Monday, May 28, 2018

Google's Feral Cats Threaten Burrowing Owls

It seems the tech folks at Google's campus in Southern California are cat lovers just like US Person.  But a good deed never goes unpunished, and that apparently is the case with an employee group's policy of feeding feral cats inhabiting the Mountain View campus, known as "Googleplex".  The group traps feral cats and kittens and sends the friendly ones to adopting guardians.  The unfriendly ones are neutered and released.  The ferals are fed from feeding stations scattered about, night and day.  So far, so good.

However, the Googleplex is located next to Shoreline Nature Reserve, which is home to perhaps fifty of the few remaining burrowing owls, Athene cunicularia, in the valley. [photo credit: Audubon Society]  They make their underground nests in the deep grass of the 750 acre reserve.  That inaccessibly does not stop one of the supreme hunters of the natural world,  Felis cattus.  Owl remains-- a wing here, a beak there, and a few remaining feathers--testify to their ability to prey on the threatened owls.  Even cats that are fed regularly, hunt, as most cat guardians will tell you.  The beloved charges will bring into the house their hunting trophies to show their human companions, or pehaps even feed their horribly inept caretakers.  Even if a cat does not catch or kill a bird, their presence is enough to interfere with a bird's normal behavior, such as breeding.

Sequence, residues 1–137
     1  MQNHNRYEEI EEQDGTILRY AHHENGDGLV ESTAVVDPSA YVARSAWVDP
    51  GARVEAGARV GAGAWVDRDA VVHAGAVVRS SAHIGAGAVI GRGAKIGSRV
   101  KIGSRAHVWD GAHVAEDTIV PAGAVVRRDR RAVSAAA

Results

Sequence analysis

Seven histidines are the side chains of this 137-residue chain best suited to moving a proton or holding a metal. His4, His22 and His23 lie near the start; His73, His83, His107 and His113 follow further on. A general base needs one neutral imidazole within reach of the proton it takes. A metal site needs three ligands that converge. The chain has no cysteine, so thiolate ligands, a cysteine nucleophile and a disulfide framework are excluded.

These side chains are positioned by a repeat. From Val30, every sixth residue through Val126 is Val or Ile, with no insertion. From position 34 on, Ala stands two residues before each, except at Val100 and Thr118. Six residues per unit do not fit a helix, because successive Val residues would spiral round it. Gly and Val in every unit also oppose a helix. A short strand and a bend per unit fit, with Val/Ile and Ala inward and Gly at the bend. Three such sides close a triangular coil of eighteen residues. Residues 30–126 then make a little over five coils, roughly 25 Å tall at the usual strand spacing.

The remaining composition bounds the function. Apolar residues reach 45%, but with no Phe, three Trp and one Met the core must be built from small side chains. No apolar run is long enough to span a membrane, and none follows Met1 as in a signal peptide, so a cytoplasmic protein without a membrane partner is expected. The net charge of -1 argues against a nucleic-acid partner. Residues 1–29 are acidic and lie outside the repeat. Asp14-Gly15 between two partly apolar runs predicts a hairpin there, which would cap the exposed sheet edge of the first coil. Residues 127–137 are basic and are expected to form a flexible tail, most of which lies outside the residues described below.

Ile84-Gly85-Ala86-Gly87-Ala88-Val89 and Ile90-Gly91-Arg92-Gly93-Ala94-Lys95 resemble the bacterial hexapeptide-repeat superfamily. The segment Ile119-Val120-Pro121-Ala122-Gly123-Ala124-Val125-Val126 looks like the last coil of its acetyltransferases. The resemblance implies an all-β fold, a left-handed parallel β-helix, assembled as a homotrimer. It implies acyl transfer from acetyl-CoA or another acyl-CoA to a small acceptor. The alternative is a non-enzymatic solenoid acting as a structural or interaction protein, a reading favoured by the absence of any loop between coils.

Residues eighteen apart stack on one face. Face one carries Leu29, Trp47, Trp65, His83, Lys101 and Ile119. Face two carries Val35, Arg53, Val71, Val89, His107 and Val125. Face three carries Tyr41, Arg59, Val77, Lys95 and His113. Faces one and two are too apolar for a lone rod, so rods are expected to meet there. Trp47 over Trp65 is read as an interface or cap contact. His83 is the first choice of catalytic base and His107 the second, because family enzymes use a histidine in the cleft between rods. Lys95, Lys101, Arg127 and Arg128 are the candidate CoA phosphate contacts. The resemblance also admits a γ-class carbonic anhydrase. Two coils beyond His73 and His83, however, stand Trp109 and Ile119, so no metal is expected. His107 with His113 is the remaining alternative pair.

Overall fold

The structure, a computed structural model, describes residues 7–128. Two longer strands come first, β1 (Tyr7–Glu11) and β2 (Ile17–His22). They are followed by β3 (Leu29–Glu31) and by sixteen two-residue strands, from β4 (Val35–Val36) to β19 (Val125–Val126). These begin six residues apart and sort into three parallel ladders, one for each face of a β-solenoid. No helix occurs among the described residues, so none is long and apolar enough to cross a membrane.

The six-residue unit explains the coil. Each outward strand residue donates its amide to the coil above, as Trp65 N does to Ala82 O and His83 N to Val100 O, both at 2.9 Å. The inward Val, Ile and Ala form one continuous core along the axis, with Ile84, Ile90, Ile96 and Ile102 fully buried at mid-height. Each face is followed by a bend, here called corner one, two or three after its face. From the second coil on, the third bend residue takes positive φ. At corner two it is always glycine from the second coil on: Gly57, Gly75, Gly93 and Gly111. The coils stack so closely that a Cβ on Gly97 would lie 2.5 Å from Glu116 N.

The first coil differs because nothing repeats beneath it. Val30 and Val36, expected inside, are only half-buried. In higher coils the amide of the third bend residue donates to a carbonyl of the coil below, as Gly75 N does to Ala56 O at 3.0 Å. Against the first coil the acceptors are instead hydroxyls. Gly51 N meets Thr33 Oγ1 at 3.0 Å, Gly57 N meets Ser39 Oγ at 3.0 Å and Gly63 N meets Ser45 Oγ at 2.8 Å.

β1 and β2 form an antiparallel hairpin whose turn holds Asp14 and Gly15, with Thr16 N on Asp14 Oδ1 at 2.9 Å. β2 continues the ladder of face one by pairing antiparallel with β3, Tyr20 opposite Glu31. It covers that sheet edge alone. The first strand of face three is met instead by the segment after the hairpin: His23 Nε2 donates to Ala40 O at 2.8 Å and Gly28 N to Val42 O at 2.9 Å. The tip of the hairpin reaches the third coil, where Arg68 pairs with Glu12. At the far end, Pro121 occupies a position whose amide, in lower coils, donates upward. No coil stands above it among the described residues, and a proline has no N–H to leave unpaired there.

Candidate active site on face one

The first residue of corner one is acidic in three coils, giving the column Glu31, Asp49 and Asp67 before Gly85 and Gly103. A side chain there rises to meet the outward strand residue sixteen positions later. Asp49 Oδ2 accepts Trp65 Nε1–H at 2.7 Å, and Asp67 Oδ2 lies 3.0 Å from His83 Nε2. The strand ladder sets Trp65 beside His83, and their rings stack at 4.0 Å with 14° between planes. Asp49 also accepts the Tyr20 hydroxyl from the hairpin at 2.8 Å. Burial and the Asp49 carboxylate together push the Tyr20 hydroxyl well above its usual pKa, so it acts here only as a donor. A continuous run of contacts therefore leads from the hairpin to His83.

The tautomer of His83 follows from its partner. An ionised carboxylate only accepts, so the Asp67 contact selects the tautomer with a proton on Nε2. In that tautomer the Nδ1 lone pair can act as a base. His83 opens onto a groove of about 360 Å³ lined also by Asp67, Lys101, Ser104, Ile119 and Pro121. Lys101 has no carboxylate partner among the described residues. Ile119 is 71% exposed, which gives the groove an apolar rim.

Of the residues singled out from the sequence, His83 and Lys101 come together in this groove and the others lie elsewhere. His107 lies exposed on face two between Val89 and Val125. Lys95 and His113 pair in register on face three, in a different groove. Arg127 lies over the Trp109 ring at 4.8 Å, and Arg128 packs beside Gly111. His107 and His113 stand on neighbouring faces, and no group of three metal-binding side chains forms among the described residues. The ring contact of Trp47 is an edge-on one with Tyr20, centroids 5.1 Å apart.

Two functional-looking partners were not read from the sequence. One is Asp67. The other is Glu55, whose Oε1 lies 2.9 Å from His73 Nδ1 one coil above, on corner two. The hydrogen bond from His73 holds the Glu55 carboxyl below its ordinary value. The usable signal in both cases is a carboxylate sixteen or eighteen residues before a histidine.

Last year 318 feral cats were sighted in Mountain Home, according to city records.  2017 was the first time in twenty years of record keeping that no fledgling owls were observed in the park.  In 2010, ten were counted.  According to an environmental group attempting to expand the San Francisco Bay Natural Wildlife Refuge, Google has refused to remove the feeding stations or interfere in the activities of its employee group, which it says numbers around ten people.

Some companies, such as Facebook whose property abuts a marsh, stopped allowing feral cat feeding several years ago.  Even if companies adopt a policy of not feeding feral cats, city people are willing to take up the task.  A records request shows that city employees have discussed the impacts of Google's feral cat feeding on local protected wildlife.  A feral cat chipped by the employee group was trapped in the park; turned over to Google by the city's animal control authority; trapped again in the park; and released again to Google.  Last August this feral cat was found dead in the park.  True to their genetic heritage, cats do want they want.